March 13, 2023 

Ashley Joens: The calmest Cyclone in the storm

Joens leads Iowa State to a Big 12 Tournament title, earns MVP honors

March brings out the passion in college basketball. We see it from the fans who live and die with every shot, turnover, and each “no-call” under the basket. We see it from the coaches who pour everything they have into each scouting report and possession on the floor. We get a glimpse from players as to what makes them go – their energy, intensity, and elation after a hard-fought “and-1” goes down. Yet there are some players that are the calm amongst the storm, the stoic ones who never allow you to see their emotions, no matter how hot their blood may be boiling. Cool, calm, and collected – just what the coach ordered.

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The Big 12 Women’s Basketball Tournament finals in Kansas City were Sunday, March 11, with the third matchup of the season between No. 1 seed Texas and No. 3 seed Iowa State – they split the home and home series this year. This post-season conference tournament was played at Municipal Auditorium for the final time this week and if you did not check your GPS, then you may have thought you had missed the exit off I-35 for downtown KC. “Hilton South” was in full effect at on Sunday afternoon, a cardinal and gold display of passionate fans that love their women’s basketball team. What they got was a complete team performance from their Cyclones led by none other than the 2023 Big 12 Player of the Year, Ashley Joens. Joens and her teammates battled to a 61-51 victory over the Longhorns, making it the third Big 12 tournament title for Iowa State.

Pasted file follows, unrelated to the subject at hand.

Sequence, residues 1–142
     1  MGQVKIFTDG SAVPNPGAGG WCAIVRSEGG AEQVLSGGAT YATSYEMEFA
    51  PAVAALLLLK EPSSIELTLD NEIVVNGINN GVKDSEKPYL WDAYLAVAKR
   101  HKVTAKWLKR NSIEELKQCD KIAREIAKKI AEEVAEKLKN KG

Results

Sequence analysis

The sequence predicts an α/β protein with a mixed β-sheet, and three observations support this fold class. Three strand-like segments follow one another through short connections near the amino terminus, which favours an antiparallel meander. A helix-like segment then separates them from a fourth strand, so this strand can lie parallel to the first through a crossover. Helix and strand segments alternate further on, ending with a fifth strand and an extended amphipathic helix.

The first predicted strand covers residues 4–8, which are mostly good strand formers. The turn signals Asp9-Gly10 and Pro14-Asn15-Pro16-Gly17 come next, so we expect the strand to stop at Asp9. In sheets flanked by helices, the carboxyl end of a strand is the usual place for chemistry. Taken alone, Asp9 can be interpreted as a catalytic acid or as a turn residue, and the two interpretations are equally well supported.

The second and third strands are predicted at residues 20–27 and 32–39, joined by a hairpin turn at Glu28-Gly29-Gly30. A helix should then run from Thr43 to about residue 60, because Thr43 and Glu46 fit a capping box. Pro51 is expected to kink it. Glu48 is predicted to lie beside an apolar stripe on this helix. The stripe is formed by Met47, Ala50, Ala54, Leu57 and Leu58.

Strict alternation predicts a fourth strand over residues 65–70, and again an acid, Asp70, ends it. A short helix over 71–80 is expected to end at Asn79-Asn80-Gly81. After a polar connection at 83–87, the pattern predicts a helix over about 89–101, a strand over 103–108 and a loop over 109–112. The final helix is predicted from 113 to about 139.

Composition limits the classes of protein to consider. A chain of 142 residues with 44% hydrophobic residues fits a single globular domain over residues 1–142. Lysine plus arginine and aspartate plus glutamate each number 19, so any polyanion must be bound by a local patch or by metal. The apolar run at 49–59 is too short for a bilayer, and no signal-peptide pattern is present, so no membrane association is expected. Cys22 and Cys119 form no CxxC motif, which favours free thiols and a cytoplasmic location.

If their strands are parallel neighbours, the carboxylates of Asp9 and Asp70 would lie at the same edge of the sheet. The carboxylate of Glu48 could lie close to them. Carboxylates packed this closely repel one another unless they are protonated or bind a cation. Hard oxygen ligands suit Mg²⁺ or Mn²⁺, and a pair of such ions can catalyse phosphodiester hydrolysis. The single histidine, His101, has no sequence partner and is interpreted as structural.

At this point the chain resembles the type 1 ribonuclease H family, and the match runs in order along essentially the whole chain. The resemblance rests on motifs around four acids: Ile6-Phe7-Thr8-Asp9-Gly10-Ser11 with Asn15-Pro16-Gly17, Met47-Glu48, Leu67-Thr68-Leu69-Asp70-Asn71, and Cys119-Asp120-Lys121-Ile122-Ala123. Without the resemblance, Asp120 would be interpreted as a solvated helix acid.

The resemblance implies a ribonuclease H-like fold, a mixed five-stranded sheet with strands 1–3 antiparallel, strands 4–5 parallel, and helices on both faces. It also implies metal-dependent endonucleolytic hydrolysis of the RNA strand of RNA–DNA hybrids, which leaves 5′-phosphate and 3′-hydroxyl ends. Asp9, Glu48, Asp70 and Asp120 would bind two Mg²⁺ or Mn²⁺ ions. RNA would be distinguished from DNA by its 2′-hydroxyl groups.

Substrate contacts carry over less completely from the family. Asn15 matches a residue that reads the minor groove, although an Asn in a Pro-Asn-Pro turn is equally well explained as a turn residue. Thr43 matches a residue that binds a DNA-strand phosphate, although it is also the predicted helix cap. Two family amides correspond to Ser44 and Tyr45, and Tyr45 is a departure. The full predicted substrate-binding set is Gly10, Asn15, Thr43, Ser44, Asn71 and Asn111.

“I really think it’s one of those things where the one thing we talked with Ashley about as she was finishing was the great players show up at the biggest moments,” Head Coach Bill Fennelly said after the title celebration. “She doesn’t need any validation by any means, but when you lead a team to tournament championship, you’re in rarified air there. I think that was something she was focused on when we came down here.”

Big 12 Commissioner Brett Yormark presented Iowa State’s Ashley Joens with her 2023 Player of the Year award before the quarterfinals of the Big 12 Tournament on March 10, 2023. (Photo credit: Scott D. Weaver/Big 12 Conference)

Joens was one of the most decorated players in Iowa State history before she decided to return for her fifth season in Ames. As the year took off, one of the quietest players in the Big 12 was continuing to make noise with her game. Fennelly brought in 6’6 post transfer Stephanie Soares to give his team a rim protector and multi-dimensional scorer. Along with junior guards Lexi Donarski and Emily Ryan, this group would prove to be as tough a lineup as any in the league. Soares’ season was cut short with an ACL injury in January and Joens again became the focus of every scouting report. But the best-kept secret in Big 12 country is whether it bothered the All-American guard. Cool, calm, and collected – just what the Cyclones needed.